It can no longer claim to be the fastest-growing business ever,
) at least can brag that it survived the short-lived bubble for
daily deals sites.
It may even have come up with a business plan that makes sense to
It's not making money yet, but it's closer after the last quarter.
It earned $0.02 per share before factoring in the costs of employee
stock options and past acquisitions.
On the surface, the quarterly earnings announced Thursday after the
close weren't that great. Sales rose 4.7% to $595.1 million, and
net loss narrowed to $2.58 million. That fell short of the analyst
compiled by Bloomberg
, for sales of $615.7 million, though the loss was less than the
expected $14.3 million.
Groupon's forecast for the fourth quarter is in line with
expectations. It foresees revenue of $690 million to $740 million,
and operating income of $40 million to $60 million. The analysts'
estimate is $723.7 million in revenue, and profit of $46.1 million.
The initial reaction was negative, with the company's stock
dropping 10% in after-hours trading before reversing direction to
add 1.47%, ending up at $9.64 per share.
The whiplash may have been caused by the upbeat details that
started filtering through on Groupon's latest quarter, and its
intentions going forward.
First, the excuses, excuses for the shortfall in revenue: It's
) fault. The company redesigned its Gmail, tucking promotions under
a separate tab and thus reducing visibility for Groupon's daily
emails to subscribers.
That explanation was made more palatable by the fact that Groupon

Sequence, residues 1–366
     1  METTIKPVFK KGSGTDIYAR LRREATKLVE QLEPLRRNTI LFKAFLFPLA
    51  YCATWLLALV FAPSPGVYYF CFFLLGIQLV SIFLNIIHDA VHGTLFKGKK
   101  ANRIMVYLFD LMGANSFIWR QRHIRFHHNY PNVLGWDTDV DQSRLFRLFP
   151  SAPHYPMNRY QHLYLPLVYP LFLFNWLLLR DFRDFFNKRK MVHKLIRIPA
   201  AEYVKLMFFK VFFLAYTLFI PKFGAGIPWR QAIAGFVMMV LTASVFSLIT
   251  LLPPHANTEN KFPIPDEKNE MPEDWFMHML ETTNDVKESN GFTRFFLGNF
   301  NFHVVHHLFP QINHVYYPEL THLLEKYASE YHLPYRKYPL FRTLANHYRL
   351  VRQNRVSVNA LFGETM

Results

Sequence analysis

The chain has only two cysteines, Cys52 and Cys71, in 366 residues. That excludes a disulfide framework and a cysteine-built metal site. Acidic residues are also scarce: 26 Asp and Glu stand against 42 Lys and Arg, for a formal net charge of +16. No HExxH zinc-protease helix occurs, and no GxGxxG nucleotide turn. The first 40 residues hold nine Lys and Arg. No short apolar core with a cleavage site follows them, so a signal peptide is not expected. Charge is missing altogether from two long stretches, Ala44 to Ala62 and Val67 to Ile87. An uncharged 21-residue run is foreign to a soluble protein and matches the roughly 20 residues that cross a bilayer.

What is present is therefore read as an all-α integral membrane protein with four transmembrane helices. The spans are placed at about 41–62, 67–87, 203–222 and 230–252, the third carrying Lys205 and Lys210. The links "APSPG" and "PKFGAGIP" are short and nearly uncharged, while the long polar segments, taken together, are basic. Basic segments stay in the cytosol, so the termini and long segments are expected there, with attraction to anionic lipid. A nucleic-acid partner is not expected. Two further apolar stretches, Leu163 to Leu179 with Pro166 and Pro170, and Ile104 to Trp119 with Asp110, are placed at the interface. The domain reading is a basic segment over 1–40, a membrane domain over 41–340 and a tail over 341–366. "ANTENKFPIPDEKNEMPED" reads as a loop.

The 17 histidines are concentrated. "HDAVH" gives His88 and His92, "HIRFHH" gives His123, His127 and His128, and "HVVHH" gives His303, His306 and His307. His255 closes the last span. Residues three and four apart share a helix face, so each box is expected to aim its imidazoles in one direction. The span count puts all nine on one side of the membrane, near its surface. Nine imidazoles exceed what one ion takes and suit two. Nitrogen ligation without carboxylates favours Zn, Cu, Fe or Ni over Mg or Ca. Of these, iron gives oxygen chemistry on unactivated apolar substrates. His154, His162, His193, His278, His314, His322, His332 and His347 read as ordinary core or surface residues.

is less dependent than it used to be on promotional emails.
Increasingly, its people are accessing its offers via mobile apps,
which have been downloaded by 60 million users. More than 40% of
transactions are now completed on mobile devices, according to the
For the future, it has a location-based app in place, pointing to
an enhanced ability to target consumers on the go with the right
"We have to even further
reduce our reliance
on email and whatever happens with Gmail becomes less relevant,"
CEO Eric Lefkofsky told the
Wall Street Journal
The second excuse involves revenue outside North America, which
fell 21%. Europe was a particular trouble spot, not all that
surprising as much of the continent struggles with soaring
unemployment and spending cuts.
That shortfall was offset, however, by a 24% increase in revenue
from North America.
The company also got points on its international position by
announcing its purchase of South Korea's Ticket Monster from its
biggest rival, LivingSocial, for an estimated $260 million cash and
Despite its name, Ticket Monster,
according to the
, uses the daily deals model to sell consumer goods as well as
tickets. About 90% of its sales are made through mobile apps.
Meanwhile, Groupon has been building up its website to offer a far
greater range of products and services, national and local, than it
originally envisioned when it was hawking coupons to merchants door
The expansion includes direct sales of products, and a network of
warehouses to support them. That draws inevitable -- and scary --
references to "the
The two sites are nothing alike, actually. Groupon is strictly for
bargain-hunters, the kind of shoppers who like nothing better than
browsing through the latest fire sales and finding a weird
selection of dog chews, blood pressure monitors, and guided tours
It's a long way from 2010,
the fastest-growing company in history. It was, too, as measured by
the breakneck pace at which it was opening offices to feed daily
deals websites in nearly 300 cities around the world, regardless of
It was, presumably, trying to get in ahead of the competition, and
it didn't work at all. By the time the daily deals frenzy peaked,
in 2011, New York alone had 40 competitors spamming the population
with coupons for pizza and nail salons.
It has settled down considerably since then, as has Groupon stock.
It plummeted after its $20 debut in November 2011, falling as low
But it's still standing, and still at the top of a short list of
most-visited coupon sites. A list of the
top-15 daily deals sites
in November, based on global traffic, shows Groupon as most-visited
site, with only LivingSocial and RetailMeNot coming close.
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